Malware reports

Online Scanner Top Twenty for August 2007

Position Change in position Name Percentage
1. Up
Packed.Win32.PolyCrypt.b 2.05
2. Up
Trojan.Win32.Dialer.qn 1.65
3. Up
Trojan-Downloader.Win32.LoadAdv.gen 1.42
4. Return
Email-Worm.Win32.Brontok.q 1.11
5. Down
Backdoor.Win32.IRCBot.acd 0.96
6. Down
Trojan-Downloader.Win32.Small.eqn 0.95
7. Return
Trojan-Spy.Win32.Bancos.aam 0.94
8. Return
Trojan-Downloader.Win32.Small.ddp 0.90
9. Up
not-a-virus:PSWTool.Win32.RAS.a 0.90
10. Up
Email-Worm.Win32.Rays 0.84
11. No Change
0 0.81
12. New!
New! 0.72
13. New!
Backdoor.Win32.Bifrose.aci 0.57
14. New!
Trojan.Win32.Agent.asu 0.55
15. Return
Trojan-Spy.Win32.Delf.uv 0.53
16. New!
Trojan-Spy.Win32.Ardamax.e 0.53
17. Return
IM-Worm.Win32.Sohanad.t 0.52
18. Return
Return 0.52
19. Down
Virus.VBS.Small.a 0.51
20. Return
Trojan.Win32.Obfuscated.en 0.50
Other malicious programs 82.52%


It seemed as though we had almost completely got rid of the Rays and Brontok worms. In June, Rays did not make the Top Twenty, but it was back again hanging onto twentieth place in July. Brontok’s position dropped over the same period by seven places each month, and the worm didn’t even make the Top Twenty in July. The two both made a comeback in August, however. Brontok returned with a bang in fourth place, and Rays climbed ten positions, making it into the Top Ten.

In general, the changes in online statistics are much less than significant than they have been over the past few months. Only 4 new malicious and potentially unwanted programs have emerged. The percentages of all of the programs that made the top twenty are extremely small – Packed.Win32.PolyCrypt.b, the leader in August, garnered just 2%. This is striking compared to Dialer.cj’s chart-topping 9% in July (which nevertheless did not prevent it from disappearing without a trace in August).

Malicious programs such as Bancos.aam and Trojan-Downloader.Win32.Small.ddp also managed to make a comeback in August. The former covers several hundred spyware programs which target both user bank accounts and the clients used to access certain stock exchange trading systems. What distinguishes Bancos.aam is its special ‘interface’: the Trojan can be used as a botnet component, making it possible for a malicious user to send individual instructions to each infected machine about which payment system accounts to target. Small.ddp is also designed to install several malicious botnet components on infected systems.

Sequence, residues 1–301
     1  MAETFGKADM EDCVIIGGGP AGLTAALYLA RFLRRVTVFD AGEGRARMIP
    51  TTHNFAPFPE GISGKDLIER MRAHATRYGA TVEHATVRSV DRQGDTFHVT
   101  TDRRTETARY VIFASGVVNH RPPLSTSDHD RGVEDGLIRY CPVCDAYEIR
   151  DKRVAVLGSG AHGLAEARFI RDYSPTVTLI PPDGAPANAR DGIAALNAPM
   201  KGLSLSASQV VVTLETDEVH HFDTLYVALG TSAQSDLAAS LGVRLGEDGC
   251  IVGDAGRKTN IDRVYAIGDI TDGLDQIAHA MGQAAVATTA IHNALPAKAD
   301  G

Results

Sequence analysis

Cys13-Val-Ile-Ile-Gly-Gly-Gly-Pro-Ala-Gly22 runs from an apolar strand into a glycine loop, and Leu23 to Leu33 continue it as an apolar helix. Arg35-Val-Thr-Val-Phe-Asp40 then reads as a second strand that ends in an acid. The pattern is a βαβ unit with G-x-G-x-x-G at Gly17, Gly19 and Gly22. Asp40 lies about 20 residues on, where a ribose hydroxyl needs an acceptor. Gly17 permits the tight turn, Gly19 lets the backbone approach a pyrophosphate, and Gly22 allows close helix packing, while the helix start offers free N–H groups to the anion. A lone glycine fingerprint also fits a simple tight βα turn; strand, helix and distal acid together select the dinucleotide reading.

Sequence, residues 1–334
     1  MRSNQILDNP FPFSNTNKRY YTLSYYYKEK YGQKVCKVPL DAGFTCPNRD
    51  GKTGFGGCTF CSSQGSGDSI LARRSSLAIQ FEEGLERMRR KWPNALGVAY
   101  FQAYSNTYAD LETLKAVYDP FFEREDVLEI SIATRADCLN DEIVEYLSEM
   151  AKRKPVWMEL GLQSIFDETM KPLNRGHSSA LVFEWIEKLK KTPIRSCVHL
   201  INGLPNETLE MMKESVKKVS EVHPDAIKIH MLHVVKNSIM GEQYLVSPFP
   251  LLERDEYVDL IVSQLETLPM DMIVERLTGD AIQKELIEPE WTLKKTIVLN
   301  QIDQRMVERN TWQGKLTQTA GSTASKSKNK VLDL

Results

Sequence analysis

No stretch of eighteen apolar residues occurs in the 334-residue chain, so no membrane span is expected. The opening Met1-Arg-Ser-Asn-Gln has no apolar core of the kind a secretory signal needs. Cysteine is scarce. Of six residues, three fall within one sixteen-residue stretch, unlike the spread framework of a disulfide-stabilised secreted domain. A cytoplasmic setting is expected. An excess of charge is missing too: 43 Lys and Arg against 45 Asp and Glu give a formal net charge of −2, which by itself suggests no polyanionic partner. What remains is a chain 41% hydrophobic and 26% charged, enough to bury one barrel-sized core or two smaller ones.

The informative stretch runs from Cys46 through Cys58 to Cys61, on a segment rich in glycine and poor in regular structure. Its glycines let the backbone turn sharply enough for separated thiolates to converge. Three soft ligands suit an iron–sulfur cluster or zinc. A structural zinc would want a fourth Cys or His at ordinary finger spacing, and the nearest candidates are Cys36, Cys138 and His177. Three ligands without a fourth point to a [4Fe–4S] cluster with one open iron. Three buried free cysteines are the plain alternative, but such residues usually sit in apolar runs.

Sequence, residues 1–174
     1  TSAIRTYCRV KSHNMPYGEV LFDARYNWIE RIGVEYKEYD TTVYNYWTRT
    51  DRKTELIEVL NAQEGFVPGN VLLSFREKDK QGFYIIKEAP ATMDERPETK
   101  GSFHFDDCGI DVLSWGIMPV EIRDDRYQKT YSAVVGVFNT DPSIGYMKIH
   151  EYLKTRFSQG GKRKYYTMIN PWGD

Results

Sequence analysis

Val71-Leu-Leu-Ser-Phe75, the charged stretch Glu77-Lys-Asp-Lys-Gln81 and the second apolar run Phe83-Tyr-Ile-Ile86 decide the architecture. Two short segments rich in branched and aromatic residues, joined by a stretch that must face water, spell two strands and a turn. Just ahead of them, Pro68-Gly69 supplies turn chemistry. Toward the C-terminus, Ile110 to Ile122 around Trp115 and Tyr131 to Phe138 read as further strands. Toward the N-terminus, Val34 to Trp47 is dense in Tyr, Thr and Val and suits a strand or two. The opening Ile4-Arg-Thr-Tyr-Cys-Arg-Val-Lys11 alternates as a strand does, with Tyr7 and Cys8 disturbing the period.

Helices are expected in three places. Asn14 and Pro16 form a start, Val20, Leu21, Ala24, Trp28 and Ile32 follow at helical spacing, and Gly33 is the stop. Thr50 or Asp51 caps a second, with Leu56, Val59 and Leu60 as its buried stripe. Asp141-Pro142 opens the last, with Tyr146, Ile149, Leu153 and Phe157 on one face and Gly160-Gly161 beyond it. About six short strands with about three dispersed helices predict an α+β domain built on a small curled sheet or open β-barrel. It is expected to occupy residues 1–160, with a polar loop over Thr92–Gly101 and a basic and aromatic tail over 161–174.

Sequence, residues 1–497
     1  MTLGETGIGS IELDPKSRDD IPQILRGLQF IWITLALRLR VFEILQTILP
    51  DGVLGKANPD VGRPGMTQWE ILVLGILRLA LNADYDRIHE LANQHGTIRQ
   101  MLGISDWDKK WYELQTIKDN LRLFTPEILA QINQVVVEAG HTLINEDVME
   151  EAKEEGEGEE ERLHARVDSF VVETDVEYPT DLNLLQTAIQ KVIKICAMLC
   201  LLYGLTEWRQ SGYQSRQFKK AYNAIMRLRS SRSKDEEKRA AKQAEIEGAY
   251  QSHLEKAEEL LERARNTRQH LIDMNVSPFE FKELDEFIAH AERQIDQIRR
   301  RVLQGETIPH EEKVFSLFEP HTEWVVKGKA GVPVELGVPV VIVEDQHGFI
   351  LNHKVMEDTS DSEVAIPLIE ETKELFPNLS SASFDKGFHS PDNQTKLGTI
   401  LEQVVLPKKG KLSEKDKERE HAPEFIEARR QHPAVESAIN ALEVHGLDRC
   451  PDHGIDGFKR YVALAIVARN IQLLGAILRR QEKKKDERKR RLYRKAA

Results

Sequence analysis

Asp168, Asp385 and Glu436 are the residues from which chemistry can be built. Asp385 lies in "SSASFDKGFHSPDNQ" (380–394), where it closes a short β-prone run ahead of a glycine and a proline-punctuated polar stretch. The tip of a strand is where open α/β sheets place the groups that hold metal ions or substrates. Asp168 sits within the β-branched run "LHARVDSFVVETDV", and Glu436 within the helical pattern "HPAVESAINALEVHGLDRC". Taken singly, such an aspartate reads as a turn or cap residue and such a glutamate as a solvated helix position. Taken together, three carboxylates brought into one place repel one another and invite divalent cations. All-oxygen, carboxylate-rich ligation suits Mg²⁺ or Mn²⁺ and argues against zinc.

Overall, there are more Trojan Spies in the Top Twenty this month than there were in June or July. Newcomers include Trojan-Spy.Win32. Ardamax.e, a keylogger, and, which has similar functionality but is a legitimate program. In addition to,, another potentially unwanted program also made the Top Twenty this month (18th place).

The leader in June, a piece of adware called, was able to stop its decline after a ten-position plummet in July, and placed 11th in August. Expect to see more of this program, since its main carrier, Trojan-Downloader.Win32.LoadAdv.gen, has once again been ranked in the top three most common malicious programs, up from sixth place. This means more new variants of Virtumonde can be expected in the future.

  • New:, Backdoor.Win32.Bifrose.aci, Trojan.Win32.Agent.asu, Trojan-Spy.Win32.Ardamax.e
  • Moved up: Packed.Win32.PolyCrypt.b, Trojan.Win32.Dialer.qn, not-a-virus:PSWTool.Win32.RAS.a, Email-Worm.Win32.Rays.
  • Moved down: Backdoor.Win32.IRCBot.acd, Trojan-Downloader.Win32.Small.eqn, Virus.VBS.Small.a
  • Re-entry: Email-Worm.Win32.Brontok.q, Trojan-Spy.Win32.Bancos.aam, Trojan-Spy.Win32.Delf.uv, IM-Worm.Win32.Sohanad.t,, Trojan.Win32.Obfuscated.en

Online Scanner Top Twenty for August 2007

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